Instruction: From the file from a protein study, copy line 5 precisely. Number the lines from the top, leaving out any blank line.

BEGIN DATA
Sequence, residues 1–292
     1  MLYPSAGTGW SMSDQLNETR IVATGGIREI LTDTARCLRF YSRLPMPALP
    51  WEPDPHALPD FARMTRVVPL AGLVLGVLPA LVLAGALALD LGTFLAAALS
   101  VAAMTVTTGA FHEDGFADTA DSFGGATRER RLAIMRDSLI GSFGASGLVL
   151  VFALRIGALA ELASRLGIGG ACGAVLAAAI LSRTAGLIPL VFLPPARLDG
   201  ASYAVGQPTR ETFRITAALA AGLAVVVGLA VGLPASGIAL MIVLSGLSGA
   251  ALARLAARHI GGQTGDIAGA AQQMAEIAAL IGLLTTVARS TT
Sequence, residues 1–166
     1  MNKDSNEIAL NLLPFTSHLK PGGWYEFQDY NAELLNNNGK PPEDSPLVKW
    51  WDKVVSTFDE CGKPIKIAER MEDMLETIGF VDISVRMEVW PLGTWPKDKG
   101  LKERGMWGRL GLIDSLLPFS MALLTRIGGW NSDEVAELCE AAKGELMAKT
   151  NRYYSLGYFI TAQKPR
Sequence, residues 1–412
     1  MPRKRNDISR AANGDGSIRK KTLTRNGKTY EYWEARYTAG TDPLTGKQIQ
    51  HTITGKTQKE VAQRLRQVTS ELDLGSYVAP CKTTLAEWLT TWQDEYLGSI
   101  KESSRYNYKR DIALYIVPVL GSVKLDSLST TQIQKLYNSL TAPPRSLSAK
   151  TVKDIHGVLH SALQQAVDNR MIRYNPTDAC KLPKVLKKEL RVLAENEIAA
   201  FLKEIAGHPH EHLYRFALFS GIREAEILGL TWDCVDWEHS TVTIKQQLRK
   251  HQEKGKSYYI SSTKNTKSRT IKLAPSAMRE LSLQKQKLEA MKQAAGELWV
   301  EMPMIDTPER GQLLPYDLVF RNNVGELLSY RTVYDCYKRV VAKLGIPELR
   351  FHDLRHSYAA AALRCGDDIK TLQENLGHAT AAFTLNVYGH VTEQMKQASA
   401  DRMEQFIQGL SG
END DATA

   151  VFALRIGALA ELASRLGIGG ACGAVLAAAI LSRTAGLIPL VFLPPARLDG